- n. A town in Wales.
“First, I immediately realized that the name Cardigan Welsh corgi had connections to the number 11.”
“The first sleeve of the Child’s Cardigan is about 10” long, out of a prescribed 14 ½”.”
“As we argued over her participation in my freshly conceived photo-essay entitled Cardigan Calamity, a car pulled up and a smiling, gray-haired couple got out and the woman wandered over to us.”
“The Eisteddfod has several incarnations, the longest running one appears to be The National Eisteddfod of Wales which claims that it can be traced back to 1176 when it is said that the first Eisteddfod was held, under the auspices of Lord Rhys, at his castle in Cardigan.”
“We're going to have to call Cardigan's bluff and we're going to have to get rid of every damned one of you.”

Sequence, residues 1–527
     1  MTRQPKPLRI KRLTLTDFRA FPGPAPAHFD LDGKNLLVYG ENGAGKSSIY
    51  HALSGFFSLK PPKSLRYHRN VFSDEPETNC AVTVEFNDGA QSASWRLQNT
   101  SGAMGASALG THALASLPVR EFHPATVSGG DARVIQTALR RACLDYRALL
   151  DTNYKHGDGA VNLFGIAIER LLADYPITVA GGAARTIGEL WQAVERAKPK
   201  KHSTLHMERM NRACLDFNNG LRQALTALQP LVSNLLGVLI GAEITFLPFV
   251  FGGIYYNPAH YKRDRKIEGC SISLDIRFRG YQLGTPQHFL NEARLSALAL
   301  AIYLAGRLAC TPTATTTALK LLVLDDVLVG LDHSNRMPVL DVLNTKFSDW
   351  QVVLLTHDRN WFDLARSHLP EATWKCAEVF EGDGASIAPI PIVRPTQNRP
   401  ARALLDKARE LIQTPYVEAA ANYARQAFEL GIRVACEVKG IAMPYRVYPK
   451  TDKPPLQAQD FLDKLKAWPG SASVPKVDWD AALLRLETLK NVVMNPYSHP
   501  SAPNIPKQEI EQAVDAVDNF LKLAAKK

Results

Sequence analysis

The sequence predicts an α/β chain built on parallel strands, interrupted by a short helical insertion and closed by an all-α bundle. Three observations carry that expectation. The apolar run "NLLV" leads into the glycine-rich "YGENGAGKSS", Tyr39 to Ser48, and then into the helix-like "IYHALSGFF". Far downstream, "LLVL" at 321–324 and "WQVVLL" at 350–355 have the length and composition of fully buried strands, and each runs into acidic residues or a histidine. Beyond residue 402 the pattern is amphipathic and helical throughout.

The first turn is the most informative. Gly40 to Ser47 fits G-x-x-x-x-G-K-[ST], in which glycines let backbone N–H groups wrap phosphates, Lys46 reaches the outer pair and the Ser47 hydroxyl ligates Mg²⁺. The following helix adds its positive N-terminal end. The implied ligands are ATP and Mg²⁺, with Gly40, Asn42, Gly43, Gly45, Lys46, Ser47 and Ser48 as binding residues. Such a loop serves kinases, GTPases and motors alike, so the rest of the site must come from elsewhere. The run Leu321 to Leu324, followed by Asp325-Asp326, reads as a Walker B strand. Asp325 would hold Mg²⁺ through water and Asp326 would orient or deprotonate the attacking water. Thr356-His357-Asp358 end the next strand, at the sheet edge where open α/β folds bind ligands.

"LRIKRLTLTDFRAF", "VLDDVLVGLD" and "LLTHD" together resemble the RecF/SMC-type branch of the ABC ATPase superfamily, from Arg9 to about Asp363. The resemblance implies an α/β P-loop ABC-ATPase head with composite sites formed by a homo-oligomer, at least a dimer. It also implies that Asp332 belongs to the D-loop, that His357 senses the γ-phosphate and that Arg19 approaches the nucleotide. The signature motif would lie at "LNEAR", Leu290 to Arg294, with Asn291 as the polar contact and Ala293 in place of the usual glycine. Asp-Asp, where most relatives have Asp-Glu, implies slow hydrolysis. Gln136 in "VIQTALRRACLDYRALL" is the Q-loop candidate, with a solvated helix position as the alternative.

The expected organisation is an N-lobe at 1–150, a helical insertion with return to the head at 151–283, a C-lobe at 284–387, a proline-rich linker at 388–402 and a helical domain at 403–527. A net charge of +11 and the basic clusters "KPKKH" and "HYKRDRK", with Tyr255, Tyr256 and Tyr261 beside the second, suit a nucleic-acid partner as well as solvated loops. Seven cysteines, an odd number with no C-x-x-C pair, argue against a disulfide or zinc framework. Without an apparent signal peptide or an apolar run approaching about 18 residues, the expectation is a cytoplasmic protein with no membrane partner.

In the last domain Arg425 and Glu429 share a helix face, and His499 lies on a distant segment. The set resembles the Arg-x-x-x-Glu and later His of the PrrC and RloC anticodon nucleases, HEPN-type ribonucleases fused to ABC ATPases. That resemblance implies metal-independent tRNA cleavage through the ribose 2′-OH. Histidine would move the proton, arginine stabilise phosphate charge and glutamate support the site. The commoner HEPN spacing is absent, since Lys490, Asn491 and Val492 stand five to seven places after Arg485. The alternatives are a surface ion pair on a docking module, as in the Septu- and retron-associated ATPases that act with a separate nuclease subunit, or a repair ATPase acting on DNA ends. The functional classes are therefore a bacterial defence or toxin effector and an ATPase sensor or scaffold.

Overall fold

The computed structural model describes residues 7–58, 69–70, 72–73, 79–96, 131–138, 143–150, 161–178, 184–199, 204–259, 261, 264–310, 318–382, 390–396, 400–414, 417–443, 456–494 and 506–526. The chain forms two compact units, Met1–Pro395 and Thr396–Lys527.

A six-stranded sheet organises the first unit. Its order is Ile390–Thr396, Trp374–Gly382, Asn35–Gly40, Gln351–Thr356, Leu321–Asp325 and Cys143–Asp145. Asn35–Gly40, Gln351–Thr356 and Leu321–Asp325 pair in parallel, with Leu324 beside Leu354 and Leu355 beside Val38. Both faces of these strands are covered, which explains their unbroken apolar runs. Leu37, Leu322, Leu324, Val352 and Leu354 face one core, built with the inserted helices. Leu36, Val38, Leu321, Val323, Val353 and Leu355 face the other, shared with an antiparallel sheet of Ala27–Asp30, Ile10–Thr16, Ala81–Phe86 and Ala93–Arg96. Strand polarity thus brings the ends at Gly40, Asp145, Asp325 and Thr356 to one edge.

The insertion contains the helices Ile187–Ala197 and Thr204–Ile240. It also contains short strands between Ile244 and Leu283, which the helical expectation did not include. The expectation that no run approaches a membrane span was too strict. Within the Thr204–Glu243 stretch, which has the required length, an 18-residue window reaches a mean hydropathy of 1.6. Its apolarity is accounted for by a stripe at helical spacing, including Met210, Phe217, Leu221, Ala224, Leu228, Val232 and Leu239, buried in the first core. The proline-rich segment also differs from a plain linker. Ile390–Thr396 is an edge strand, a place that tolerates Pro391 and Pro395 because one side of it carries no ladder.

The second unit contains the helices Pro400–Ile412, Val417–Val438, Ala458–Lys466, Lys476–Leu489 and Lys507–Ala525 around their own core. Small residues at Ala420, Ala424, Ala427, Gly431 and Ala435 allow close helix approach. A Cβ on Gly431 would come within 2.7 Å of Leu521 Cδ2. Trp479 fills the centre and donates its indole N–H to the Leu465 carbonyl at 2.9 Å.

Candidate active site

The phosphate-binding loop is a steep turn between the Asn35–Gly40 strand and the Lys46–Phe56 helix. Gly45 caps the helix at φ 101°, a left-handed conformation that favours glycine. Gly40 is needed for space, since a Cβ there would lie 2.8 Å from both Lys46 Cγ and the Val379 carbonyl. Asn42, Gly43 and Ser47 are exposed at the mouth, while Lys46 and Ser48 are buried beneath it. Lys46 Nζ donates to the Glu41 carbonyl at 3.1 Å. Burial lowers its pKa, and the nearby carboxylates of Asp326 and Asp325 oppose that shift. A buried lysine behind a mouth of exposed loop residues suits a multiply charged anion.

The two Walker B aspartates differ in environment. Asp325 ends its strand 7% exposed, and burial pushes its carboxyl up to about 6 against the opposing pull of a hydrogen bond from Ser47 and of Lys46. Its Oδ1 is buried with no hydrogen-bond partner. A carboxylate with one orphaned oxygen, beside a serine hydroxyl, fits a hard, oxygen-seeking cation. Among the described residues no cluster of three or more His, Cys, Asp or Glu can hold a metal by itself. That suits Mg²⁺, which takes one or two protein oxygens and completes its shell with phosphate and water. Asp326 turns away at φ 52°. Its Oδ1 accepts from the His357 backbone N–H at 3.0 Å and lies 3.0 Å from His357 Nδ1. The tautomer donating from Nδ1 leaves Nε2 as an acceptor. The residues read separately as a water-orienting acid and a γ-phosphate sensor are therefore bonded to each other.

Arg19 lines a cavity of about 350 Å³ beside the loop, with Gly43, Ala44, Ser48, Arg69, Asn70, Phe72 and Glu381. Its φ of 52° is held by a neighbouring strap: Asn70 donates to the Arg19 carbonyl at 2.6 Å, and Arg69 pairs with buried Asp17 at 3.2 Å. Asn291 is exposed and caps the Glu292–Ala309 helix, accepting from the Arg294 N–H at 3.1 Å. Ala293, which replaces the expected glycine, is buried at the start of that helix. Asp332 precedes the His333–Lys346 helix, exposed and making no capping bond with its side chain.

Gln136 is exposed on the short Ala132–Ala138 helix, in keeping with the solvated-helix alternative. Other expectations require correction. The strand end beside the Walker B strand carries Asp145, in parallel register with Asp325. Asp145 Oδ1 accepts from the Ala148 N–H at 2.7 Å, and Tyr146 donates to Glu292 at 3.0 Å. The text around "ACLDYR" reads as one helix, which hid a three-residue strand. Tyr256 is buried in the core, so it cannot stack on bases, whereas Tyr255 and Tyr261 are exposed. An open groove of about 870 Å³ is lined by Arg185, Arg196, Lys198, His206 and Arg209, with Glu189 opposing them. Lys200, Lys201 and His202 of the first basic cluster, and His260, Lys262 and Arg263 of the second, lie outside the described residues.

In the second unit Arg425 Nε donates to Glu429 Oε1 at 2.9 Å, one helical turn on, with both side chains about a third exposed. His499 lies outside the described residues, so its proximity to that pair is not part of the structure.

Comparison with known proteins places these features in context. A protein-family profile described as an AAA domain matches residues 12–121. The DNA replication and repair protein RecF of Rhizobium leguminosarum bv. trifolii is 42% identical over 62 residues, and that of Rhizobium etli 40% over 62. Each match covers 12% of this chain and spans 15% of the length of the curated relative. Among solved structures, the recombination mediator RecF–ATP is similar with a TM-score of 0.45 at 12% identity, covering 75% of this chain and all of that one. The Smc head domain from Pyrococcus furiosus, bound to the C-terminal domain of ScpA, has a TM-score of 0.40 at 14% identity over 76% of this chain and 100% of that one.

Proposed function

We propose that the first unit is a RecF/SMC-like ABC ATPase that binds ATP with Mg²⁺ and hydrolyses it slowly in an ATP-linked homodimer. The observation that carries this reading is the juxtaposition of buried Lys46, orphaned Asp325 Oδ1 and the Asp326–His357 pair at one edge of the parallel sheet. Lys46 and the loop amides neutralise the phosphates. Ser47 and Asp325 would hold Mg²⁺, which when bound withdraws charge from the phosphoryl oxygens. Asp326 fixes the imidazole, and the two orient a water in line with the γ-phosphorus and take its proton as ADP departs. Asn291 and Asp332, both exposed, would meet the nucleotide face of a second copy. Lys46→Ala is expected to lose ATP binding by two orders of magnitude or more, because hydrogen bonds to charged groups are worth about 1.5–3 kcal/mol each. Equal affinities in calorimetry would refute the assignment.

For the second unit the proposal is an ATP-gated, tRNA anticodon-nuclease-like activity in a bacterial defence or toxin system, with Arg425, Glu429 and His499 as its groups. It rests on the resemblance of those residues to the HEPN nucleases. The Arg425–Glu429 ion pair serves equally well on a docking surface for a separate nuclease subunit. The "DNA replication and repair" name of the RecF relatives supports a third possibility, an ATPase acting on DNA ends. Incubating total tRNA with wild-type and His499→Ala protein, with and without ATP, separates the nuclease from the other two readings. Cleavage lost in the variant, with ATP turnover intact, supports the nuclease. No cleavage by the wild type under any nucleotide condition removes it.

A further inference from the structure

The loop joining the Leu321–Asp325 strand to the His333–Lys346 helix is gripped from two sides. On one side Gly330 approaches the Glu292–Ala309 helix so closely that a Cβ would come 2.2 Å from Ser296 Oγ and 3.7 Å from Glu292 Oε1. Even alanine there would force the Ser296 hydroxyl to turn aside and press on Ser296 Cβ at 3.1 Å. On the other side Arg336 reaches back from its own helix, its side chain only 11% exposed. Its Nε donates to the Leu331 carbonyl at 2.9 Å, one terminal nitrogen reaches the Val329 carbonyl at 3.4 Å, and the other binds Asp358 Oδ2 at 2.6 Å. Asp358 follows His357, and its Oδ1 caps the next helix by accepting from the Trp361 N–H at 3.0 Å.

“Wales, and so vnto a place called Cardigan, at the Irish sea.”
“In other days they were known as Cardigan jackets, and”
“It has a back settlement on the Nashwacksis and another one still farther in the wilderness, called Cardigan, formed by a number of Welsh families from Cardigan in Wales, who came to this Province in 1819, and were located here by Government.”
“Some of the characters of "Cardigan" reappear in this new novel.”
“The great popular success of "Cardigan" makes this present novel of unusual interest to all readers of fiction.”
Looking for tweets for Cardigan.